With the advancement of technology and rising power of internet, the way we interact has dramatically changed. Nowadays people communicate more in the digital space than in the physical. This change has modified our daily routines, as well as social behaviors. We communicate pro-actively on digital platforms and create our digital selves which are more publicly open than our physical selves.
In our hands
Whether we are aware of it or not, we demand and crave for ”personalization” in every way, in order to make the digital experience more easily digestible. Adds we see are personalized, as are also job searches, we follow people we like, we unfollow if we get annoyed – something that we may not do in the real world situation. It is all in our hands.
We are brave in the digital world. But we are not tolerant, especially not concerning time and time spent. We demand fast answers, fast interactions, valuable data and useful information. In other words, we want to find, and be served, the best intelligence for our purposes in this big ‘mess’ called internet.
Science is becoming digital too
And it is not only us, science is becoming digital too. The best scientific journals are online, researchers communicate through scientific platforms, e-health apps are reshaping disease management, virtual reality (VR), body sensors, cognitive computers and artificial intelligence (AI) are hot topics. Libraries have gone online and we can educate ourselves through online courses etc. Digital is no longer a ”nice to have” for us, it is our priority.
Despite the transformative effect of digitalization in our lives, the bio-pharma industry is still quite cautious about digital interactions. There is still an undeniable pattern of conservatism in the industry due to regulations, unclear guidelines, compliance issues as well as difficulty in determining return on investment (ROI). Because of the reasons mentioned, many bio-pharma companies prefer to remain not present or passive in digital channels. Others adopt an agile strategy and experiment continuously. The main challenge is to establish a ‘digital first’ strategy instead of approaching digital as an extra. Bio-pharma is an innovation based industry that puts patient in the center, also in the communication, and today’s patients prefer independency and are empowered to seek information and choose their own way of preferred communication. That is why digital should be a medium instead of an extra for pharma in the first place.
Create the win-win
The bio-pharma industry also needs to understand that in the long term digital can be a path to cost effectiveness. Traditional marketing channels are becoming out of date and inefficient, and wasting money on channels that are not valued by patients may not be smart. Therefore, the industry needs to understand which platforms their audience is on, what kind of content is considered valuable and in what ways the audience can feel supported. In other words, how bio-pharma can deliver tailored information and support the patient and relatives in a way that they want and, by that, create value for both patient and the industry itself.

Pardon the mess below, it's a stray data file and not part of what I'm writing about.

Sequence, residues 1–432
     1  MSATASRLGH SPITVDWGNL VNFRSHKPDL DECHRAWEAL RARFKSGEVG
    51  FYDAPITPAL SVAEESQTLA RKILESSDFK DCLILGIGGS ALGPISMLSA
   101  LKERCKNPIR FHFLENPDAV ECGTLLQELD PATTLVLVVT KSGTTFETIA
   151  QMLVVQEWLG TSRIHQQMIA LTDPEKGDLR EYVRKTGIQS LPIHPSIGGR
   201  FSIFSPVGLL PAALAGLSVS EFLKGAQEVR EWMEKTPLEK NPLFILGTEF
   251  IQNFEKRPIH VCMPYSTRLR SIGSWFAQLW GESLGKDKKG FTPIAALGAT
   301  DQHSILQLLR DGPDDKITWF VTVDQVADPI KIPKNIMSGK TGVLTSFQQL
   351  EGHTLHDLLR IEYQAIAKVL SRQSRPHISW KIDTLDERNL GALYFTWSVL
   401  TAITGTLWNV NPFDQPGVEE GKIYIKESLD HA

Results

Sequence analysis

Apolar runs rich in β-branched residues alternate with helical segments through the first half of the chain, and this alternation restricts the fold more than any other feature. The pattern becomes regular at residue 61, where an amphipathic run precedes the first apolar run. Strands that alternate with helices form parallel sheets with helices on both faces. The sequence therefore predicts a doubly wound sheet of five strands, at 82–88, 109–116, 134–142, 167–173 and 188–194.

Digital communication is here and will stay. That is why bio-pharma companies have to be agile, present, and eager to interact with the public. It is crucial for future success and survival to be innovative in communication and, most importantly, to be brave. As George Bernard Shaw said: ”If you cannot get rid of the skeleton in your closet, you’d best teach it to dance ...”
Aslihan is a second year master student from Karolinska Institutet within the field of Bioentrepreneurship and as a part of the program she is doing her internship at Bristol-Myers Squibb in Sweden. Aslihan holds a Bachelor’s degree in Biomedical Engineering from Yeditepe University in Istanbul, Turkey and she also has several years of work experience in the medical devices industry. Aslihan describes herself as a restless and creative mind searching for value creation through design thinking and she pursues a future career in Life Science / Pharma Industry within projects that will make significant changes in people’s lives.
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Fabian Madelon is Business Control Function manager with responsibility for Nordics at Bristol Myers Squibb. He is married and father of a 10-year-old son and an 8-year-old-daughter. He has a rare form of cancer that was discovered in 2010 and which triggered major operations on three different organs over the past eight years.
He decided to be on a one-year leave of absence in 2018 with two objectives in mind. The first one is to better understand his disease and find ways to fight it. The second is to use his experience at the hospital to help other patients go through the trauma of major operations.